Huldra Forsvant (Theodor Kittelsen)

Huldra Forsvant (Theodor Kittelsen)
Huldra Forsvant (Theodor Kittelsen)

Tuesday, March 27, 2012

The Unseemly Insecurities of a Thirty Four and a Half Year Old

I remember back in secondary school, during those free periods, when I'd be clowning around with my friends, climbing out of windows and sneaking down into the bush to get up to no good, or nicking off in one of their cars to do a trip to McDonalds.
I would look back over my shoulder at the group of girls, sitting quietly, being studious, using their free time wisely, hitting the books, and generally just being Very Good. I'd look back and see them rolling their eyes at us silly boys, and we'd sort of sneer back at them.

It was a strange relationship, because on one hand I disliked them and their Goodness, and their seemingly Holier Than Thou Attitude, but on the other hand I sort of envied their self-control and level heads, and deep down really wanted their acceptance.

Fast forward fifteen or twenty years, I see schoolgirls at the bus stop of a morning, and those same sorts of feelings arise. They aren't even at school yet and they are already studying, heads buried in text books, or tapping away on a laptop, getting ahead on the geography essay that isn't even due until the last term of the year. They've probably been very sensible all weekend as well, putting in 5-7 hours each day, stopping only for a very sensible cheese and tomato wholemeal sandwich for lunch.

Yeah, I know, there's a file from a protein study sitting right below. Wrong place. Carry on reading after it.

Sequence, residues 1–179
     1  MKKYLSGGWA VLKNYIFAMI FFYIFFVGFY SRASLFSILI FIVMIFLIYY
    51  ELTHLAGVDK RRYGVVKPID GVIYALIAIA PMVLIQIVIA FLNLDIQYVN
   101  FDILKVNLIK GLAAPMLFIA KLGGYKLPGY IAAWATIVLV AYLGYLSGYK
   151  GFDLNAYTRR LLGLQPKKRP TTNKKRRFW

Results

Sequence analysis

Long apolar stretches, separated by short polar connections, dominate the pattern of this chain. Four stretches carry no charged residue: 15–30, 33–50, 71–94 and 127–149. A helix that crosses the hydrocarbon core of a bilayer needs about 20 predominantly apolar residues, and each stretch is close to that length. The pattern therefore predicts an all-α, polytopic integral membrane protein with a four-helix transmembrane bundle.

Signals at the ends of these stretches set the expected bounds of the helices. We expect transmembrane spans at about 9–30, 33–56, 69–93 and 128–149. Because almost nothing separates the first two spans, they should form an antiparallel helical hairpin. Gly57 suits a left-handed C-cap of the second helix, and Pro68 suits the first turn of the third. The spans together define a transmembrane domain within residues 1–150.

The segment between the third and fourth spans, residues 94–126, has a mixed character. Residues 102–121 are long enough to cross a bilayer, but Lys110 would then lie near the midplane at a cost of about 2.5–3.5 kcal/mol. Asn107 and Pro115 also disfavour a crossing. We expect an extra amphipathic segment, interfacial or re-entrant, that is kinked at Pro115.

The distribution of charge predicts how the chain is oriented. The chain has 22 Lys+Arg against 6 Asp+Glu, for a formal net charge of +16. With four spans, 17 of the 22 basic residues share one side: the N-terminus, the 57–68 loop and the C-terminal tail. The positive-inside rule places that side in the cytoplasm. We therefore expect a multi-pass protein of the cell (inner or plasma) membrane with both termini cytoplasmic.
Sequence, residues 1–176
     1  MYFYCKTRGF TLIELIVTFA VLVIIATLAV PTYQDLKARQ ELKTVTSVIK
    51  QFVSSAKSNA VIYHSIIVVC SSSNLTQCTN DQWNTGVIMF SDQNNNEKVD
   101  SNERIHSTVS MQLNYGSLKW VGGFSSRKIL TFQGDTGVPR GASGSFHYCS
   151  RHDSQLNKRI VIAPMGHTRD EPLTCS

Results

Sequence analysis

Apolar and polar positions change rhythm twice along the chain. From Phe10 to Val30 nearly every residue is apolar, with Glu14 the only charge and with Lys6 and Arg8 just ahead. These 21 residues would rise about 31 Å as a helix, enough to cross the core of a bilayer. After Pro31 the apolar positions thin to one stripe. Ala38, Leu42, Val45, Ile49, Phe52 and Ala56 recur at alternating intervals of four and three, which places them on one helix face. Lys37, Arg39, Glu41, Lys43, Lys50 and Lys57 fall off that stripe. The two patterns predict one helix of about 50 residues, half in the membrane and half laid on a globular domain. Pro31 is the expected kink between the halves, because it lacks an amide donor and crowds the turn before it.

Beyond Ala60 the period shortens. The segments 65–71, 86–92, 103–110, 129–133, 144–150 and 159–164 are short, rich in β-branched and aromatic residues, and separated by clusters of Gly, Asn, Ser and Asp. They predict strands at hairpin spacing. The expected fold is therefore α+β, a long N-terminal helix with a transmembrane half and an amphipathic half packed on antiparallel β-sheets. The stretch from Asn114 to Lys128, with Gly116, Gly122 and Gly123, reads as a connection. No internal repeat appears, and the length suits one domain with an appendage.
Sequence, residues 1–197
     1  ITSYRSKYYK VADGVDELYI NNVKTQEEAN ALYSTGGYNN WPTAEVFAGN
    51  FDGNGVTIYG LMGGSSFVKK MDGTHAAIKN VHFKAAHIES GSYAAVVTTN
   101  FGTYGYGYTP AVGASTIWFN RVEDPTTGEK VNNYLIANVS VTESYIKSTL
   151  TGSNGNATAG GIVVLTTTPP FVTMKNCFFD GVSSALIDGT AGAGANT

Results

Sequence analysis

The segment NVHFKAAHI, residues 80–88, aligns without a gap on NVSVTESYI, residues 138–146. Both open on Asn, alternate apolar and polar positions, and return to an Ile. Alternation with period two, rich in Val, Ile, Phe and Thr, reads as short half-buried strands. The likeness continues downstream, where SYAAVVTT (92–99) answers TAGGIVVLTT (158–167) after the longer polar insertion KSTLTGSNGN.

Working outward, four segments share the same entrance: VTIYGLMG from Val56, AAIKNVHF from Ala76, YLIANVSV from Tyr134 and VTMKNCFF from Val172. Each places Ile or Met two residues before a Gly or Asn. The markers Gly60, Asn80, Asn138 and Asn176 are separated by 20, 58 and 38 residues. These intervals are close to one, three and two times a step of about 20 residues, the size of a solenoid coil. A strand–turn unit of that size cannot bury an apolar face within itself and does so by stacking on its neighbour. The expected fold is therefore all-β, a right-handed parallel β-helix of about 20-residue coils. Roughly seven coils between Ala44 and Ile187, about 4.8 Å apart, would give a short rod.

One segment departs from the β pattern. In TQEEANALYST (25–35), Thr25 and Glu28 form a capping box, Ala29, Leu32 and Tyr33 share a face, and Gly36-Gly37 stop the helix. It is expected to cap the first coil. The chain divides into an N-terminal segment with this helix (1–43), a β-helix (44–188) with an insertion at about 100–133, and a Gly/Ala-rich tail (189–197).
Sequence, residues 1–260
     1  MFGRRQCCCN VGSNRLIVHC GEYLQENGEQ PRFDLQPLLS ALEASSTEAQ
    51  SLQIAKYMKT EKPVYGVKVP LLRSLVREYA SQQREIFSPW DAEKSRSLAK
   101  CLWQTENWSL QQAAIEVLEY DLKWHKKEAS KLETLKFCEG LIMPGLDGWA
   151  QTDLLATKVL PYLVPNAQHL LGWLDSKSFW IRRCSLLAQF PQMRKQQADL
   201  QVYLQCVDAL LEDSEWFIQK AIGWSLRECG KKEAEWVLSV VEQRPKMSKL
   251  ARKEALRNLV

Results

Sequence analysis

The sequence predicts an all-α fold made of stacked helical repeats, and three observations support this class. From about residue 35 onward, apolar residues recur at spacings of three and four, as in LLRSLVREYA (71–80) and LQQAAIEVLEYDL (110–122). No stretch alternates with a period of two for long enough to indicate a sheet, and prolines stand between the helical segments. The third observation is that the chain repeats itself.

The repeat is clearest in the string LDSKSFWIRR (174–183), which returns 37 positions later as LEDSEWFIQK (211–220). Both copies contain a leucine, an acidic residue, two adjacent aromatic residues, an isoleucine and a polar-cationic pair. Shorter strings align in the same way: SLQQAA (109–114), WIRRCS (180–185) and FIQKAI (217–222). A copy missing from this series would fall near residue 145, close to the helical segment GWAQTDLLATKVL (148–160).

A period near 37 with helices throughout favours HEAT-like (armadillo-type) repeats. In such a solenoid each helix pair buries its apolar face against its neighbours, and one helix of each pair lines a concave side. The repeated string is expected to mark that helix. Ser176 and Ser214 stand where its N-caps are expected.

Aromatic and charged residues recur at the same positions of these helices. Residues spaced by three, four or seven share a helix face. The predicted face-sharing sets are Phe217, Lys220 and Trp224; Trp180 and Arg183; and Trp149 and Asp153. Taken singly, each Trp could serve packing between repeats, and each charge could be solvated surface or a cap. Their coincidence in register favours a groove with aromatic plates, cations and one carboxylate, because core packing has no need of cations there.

Even after all this time I feel that seem mixture of "grr, live a little!" and envy at their level of discipline and maturity. And also a pang of guilt for not applying myself more when I should have. In a lot of ways it seems like I haven't changed all that much in all this time. I still have that urge to rebel and be a goose, and I still simultaneously get angsty at, but also envy, those people who seem to have a lot of maturity and self discipline.

Who were you at school? Do you think you have changed much since then?


Pedro said...


Karen said...

Good girl all the way. The nerdy brainy type.
No. I wish I could lighten up more...

Gary Ware said...

I'm more worried about what's going to happen to a thirty four and a half year old who gets caught staring at school girls.
And when you've got a couple of teen age girls in the house you'll think a bit differently.

Deb L said...

Ben, you are making some very big assumptions about these girls (past and present). The girls at the bus stop are working madly because they DIDN'T put 5-7 hours in on Saturday. They looked like they were when their parents checked, but really they were on Facebook and texting their friends for most of that time. Now one is cramming for the biology test in period 2 and the other is working on the assignment that is due tomorrow that she has barely started but hopes her geog. teacher will give her an extension for if she shows him some hastily done work that morning and her brilliant smile (newly without braces of which she is very proud). That's what's really going on. Or at least, that's what I see because I spent a lot of my later years at highschool procrasinating and then madly catching up at the last minute. You see? You see what you think you see.

Ben McLaughlin said...

Gary, you make me sound creepy. I'm not staring, merely observing my fellow humans.

Deb, you make a good point. I guess to an extent I am seeing the situation thru biased eyes.

Ben McLaughlin said...

And I'm so thankful there weren't so many distractions back in my day, like facebook and blogs and the internet in general. I'd have been even worse off.

simone r said...

I used to want to be one of those girls. I teach them now. They hand everything in on time (or ask for an extension), they have edited out all the spelling mistakes, but their work is so dull.